Skip to main content
News article26 October 2022Directorate-General for Environment

Marine sediment analysis confirms effectiveness of pollution control legislation

Issue 587: Levels of chemical pollution vary over time as new substances are brought into use and, in some cases, restricted or prohibited.  

Marine sediment analysis confirms effectiveness of pollution control legislation
Photo by: Damsea, Shutterstock

This study used samples from a dated sediment core taken from the North Sea to track levels of 90 chemicals over the last century.  The researchers report that, following legislative restrictions, pollution levels fell for many substances, but residual levels remain much higher than before contamination in several cases.

Chemical pollution is a major environmental concern globally and within the EU. In Europe, the issue has typically been characterised by cycles of development and utilisation of new chemicals followed by the identification of contamination levels and risks – leading to implementation of restrictions on use, often through national, European and international legal instruments. Data on the long-term impact of such regulations on widespread environmental concentrations of target pollutants are valuable in understanding and justifying such actions.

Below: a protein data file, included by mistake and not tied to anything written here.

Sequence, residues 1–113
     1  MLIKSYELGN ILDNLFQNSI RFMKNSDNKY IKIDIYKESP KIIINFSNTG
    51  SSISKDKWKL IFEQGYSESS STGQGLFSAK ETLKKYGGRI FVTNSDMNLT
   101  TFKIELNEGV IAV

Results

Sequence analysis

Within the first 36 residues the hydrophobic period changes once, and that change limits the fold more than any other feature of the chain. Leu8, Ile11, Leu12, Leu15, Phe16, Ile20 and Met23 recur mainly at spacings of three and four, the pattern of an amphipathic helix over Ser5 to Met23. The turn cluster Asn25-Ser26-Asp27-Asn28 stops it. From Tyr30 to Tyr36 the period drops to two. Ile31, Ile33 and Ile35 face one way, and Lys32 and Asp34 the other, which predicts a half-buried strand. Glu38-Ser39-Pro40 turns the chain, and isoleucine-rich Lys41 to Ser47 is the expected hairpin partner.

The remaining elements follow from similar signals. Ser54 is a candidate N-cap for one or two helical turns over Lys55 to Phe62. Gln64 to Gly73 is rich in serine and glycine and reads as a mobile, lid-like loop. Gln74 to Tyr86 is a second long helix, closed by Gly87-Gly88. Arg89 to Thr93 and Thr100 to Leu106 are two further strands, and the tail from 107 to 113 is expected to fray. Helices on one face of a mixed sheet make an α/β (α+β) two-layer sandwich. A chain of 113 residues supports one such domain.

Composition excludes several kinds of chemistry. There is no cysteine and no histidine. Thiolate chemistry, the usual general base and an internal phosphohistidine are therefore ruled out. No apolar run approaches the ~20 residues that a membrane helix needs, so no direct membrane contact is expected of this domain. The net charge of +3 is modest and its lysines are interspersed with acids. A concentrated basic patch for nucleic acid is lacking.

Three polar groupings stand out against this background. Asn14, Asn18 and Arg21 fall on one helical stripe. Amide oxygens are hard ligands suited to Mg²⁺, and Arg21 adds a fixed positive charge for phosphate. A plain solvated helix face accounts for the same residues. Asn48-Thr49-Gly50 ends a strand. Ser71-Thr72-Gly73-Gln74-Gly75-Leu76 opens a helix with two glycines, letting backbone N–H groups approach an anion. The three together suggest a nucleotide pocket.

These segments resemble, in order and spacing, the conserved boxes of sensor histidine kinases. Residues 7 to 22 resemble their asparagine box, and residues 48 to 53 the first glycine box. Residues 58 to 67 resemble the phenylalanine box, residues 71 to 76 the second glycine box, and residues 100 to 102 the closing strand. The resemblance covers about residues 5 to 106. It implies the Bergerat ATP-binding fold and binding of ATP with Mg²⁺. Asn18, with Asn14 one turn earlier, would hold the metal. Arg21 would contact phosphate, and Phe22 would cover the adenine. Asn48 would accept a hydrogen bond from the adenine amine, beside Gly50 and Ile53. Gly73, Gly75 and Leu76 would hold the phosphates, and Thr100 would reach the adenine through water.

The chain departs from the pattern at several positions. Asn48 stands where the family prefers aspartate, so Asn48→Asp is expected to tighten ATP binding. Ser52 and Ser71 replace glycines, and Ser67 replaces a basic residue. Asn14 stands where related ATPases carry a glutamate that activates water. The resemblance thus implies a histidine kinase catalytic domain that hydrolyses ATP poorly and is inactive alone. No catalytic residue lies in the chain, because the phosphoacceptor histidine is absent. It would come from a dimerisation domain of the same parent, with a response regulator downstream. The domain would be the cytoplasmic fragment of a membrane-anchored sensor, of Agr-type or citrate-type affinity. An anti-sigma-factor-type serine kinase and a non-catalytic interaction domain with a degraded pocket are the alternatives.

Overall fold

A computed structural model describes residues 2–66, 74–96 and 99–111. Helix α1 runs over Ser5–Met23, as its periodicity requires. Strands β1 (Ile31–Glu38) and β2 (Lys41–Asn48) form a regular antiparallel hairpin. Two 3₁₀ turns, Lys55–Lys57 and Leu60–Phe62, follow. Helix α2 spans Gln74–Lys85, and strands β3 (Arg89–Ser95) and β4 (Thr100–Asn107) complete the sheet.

Persistent pollutants build up in marine areas, which they may enter either directly from shipping and coastal activities or indirectly through rivers, precipitation and atmospheric deposition. As marine sediments are laid down, these chemicals are held within them at concentrations proportional to the level of contamination at that point in time. This allows scientists to estimate historic pollution levels from samples taken from different depths in a sediment.

This study analysed sediment cores taken in 2017 at Skagerrak, an area of the North Sea known to accumulate high levels of sediment. The researchers determined the ages of the layers within the cores through analysis of lead and caesium isotopes. They analysed levels of 90 pollutants over a timescale of around 100 years. These included:

  • eight trace metals of toxicological relevance – arsenic, cadmium, chromium, copper, nickel, lead, titanium and zinc;
  • 21 per- and poly-fluoroalkyl substances (PFASs – a diverse group with applications in clothing, food processing and construction);
  • 61 hydrophobic organic compounds (HOCs – another diverse group of substances including combustion products, pesticides and flame retardants).

They then considered the results in the context of the history of use and regulations of each substance or group.

Among the trace metals analysed, the researchers report that levels of lead in the sediment increased steadily from around 1958 to around 1981 and continuously decreased thereafter. They say that this corresponds to the use of lead in fuel additives, which was subjected to increasing restrictions in Europe through the 1970s and 1980s.